Can a poem be a form of resistance?

Inanna-Sumerian-God-AnnunakiI don’t know the answer to the title of this post. Writing a poem in the face of injustice feels both pointless and like the strongest thing I can do. The story of Chikesia Clemons, who was assaulted at a Waffle House, by police, after requesting plasticware with a takeout order and having the audacity to protest an upcharge, enraged me. I know I’ve gone all kinds of sassy, snarky, uppity and uncalled for in the bank when things didn’t go my way. I’ve vented my ire at more than one undeserving customer services representative. But I’m white. I can behave badly and suffer the hangover of shame and move on. What of the black women who are my neighbors and coworkers and community? Where is the justice? How do we stand with them and for them?

This poem ripped through my guts, born of fire and fury.

THE DESCENT
For Chikesia Clemons

What goes unsaid
is that you were given a double-serving
of injustice. Twin lashes
for your duplicitous sins of being born
female and black. You,

the Queen of Heaven, sent into a life
of fun house mirrors that distorted
your every truth, reflected your image
back wrenched and marred
and nightmarish. Sorry

isn’t even a drop in the bucket
it would take to quench your burning. But who
would spare their own piss
to put out the fire you walk through? We
are all tethered

to our individual pain and muzzled
by the promise of a little relief in exchange
for our complicity. Sad animals plowing
an endless row to escape the whip
while calling the rut

a moat, calling the prison a palace. So
as you were assaulted in a restaurant,
knocked to the ground, breasts
exposed, the other diners went on
eating waffles and fryer grease

and shame, like your humiliation
was just dessert. Like your body
is every girl we can’t protect
from eyes and hands and entitlement
and toxic masculinity and violence

and oppression
and oppression
and the bad dream of oppression
that plays out over and over
in daylight, like reality TV. Like

your skin is the flag of our collective
land grab, your bones a litany of our
trespasses, your pleas
and anguish that must be unlistened
so that we may unhear

all of the cries. To help you up
would be to admit to all those subjugated
before you. To admit you’re not a carpet,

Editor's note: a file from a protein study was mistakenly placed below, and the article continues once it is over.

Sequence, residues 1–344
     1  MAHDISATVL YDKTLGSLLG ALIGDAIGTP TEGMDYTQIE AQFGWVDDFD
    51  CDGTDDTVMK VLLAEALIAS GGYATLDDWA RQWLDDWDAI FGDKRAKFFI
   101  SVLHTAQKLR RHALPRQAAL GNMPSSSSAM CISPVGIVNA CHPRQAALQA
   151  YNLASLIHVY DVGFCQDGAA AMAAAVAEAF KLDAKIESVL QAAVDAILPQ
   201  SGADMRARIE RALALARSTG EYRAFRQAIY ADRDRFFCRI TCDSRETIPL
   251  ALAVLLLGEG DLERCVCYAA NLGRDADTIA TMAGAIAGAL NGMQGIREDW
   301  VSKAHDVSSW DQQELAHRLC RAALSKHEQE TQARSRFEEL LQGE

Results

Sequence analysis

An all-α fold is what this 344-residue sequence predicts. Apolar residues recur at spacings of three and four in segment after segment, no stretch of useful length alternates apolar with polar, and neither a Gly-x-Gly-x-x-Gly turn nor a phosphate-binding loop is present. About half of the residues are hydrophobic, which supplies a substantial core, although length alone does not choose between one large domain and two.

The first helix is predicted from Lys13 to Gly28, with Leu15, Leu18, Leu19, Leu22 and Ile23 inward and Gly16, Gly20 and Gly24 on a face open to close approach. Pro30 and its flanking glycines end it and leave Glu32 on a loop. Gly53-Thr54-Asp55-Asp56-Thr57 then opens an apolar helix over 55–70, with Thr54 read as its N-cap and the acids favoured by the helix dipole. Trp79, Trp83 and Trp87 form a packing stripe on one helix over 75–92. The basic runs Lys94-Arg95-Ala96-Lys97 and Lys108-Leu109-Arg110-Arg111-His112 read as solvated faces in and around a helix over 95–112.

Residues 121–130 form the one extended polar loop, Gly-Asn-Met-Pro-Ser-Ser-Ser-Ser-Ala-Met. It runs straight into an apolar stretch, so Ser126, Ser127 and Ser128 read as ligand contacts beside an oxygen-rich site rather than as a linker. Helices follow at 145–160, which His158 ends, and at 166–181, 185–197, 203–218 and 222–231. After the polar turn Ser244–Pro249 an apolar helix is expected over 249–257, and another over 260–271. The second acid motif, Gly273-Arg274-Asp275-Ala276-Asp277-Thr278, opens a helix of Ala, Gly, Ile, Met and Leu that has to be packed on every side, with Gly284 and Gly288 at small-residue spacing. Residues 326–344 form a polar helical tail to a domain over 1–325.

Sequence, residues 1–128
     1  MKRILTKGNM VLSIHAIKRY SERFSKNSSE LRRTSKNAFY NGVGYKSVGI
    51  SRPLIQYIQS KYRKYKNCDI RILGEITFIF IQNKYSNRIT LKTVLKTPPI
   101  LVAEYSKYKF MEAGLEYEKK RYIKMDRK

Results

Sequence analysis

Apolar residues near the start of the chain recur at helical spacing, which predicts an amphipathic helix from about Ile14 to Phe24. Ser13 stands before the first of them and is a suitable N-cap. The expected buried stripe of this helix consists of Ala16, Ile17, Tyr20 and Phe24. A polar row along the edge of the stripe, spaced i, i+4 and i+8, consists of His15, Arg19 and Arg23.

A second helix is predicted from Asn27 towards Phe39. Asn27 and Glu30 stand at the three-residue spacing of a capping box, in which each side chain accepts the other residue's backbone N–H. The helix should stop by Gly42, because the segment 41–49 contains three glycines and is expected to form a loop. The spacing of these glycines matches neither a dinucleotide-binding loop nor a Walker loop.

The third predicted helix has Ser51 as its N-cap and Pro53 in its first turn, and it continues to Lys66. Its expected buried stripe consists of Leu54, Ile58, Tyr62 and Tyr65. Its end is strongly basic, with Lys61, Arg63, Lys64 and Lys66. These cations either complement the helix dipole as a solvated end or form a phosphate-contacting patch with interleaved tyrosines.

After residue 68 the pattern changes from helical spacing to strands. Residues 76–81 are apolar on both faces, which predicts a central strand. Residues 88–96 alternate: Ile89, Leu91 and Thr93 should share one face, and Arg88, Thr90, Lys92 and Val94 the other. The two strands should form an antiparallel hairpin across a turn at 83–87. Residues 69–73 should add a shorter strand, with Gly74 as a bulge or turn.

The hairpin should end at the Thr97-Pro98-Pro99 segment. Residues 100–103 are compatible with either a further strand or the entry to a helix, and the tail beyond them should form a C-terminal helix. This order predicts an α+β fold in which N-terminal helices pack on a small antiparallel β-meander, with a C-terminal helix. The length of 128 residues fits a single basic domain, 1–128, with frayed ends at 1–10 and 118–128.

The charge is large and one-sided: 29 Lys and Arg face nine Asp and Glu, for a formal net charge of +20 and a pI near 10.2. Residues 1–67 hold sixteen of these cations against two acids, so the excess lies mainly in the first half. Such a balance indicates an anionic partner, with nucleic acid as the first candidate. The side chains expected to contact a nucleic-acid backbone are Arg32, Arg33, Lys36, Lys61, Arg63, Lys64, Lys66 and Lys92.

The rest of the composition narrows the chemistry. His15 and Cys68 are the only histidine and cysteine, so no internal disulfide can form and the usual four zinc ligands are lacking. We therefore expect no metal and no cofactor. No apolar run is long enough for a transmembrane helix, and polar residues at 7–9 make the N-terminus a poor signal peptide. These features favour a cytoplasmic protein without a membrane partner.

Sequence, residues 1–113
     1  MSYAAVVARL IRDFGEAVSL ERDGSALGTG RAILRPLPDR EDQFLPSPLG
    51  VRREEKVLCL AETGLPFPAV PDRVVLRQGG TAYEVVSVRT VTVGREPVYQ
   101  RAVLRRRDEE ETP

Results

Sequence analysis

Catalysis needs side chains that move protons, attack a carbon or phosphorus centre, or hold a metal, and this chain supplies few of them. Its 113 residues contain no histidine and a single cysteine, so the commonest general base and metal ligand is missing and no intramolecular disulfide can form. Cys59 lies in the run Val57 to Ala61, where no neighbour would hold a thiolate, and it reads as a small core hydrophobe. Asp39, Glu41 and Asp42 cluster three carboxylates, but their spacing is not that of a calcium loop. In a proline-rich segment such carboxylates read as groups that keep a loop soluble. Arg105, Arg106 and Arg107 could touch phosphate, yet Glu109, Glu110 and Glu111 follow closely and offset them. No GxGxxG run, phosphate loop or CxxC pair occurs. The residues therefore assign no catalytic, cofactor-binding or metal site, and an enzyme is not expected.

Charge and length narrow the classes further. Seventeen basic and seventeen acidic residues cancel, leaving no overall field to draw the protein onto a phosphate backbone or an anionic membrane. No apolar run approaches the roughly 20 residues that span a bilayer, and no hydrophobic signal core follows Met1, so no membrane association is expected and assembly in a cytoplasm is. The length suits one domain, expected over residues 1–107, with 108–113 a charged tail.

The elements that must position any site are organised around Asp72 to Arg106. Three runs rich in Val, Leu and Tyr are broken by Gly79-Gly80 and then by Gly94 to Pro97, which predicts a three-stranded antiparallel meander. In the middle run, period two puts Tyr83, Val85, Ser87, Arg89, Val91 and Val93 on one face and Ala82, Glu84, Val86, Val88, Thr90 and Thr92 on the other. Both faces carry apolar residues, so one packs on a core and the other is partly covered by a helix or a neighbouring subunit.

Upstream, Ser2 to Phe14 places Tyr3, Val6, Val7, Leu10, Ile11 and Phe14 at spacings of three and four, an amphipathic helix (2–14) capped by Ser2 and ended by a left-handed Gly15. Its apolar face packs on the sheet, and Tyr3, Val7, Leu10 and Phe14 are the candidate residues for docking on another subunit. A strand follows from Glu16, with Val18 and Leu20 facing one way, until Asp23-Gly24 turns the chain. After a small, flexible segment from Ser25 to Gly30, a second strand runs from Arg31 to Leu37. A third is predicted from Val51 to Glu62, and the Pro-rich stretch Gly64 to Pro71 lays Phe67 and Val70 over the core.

not a corner stone, not a headstone,
but blood and breath and dream.

Your body is not a woman
broken but our ancestral homeland,
which we also could not save
from greed and appetite
and eyes and hands and entitlement

and oppression, and oppression, and
the rising tide of apathy. To see
your humanity would be to see
our own inhumanity and then what?
Would we get up from our waffles

to tear down the cities built upon
your sweat, your ache, your grief, your
blackness, your womanness, the space
you take up by being here despite every effort
to erase you?

Karma is a revolving door, bitches,
says the one who birthed the stars, the one
who stirs the cyclones to retrace, season
after season, the path of the slave ships:
Remember, remember, remember, and still no one

puts down their fork. You take your
double-serving of injustice, your
twin lashes, like a to-go order. Like
a take out meal you paid for
even though it tastes of bitterness. Like

you’ve been rocked
in the hold of a nameless ship
for eons, your story a retelling
gone on so long the words
have lost all meaning. Like

what goes around can’t
boomerang back soon enough. But
isn’t it prescribed to offer cakes
to the Queen of Heaven at her altar
rather than her grave?

 

 

3 thoughts on “Can a poem be a form of resistance?

  1. Pingback: We are advancing the world we want – Ami Worthen

  2. Do you know the story of the goddess that is at the top of this story? I find it compelling….The poem of injustice is very interesting. We as women, of any color, have lost our power. The tide is shifting…don’t get caught in the undertow.
    The Auracle of Asheville has spoken
    .

    Like

    • The image is from the Burney Relief, which is believed to represent either Ishtar or her sister Ereshkigal. Ishtar was worshiped in Sumaria as Innana, and it was the descent myth of Innana (who was also known as The Queen of Heaven) that I was drawing from for this poem about Chikesia. I wanted to reframe the beating of Chikesia in modern day with the ancient myth of a goddess traveling to the underworld and being ritualistically stripped of her powers at various stations along her journey.

      Like

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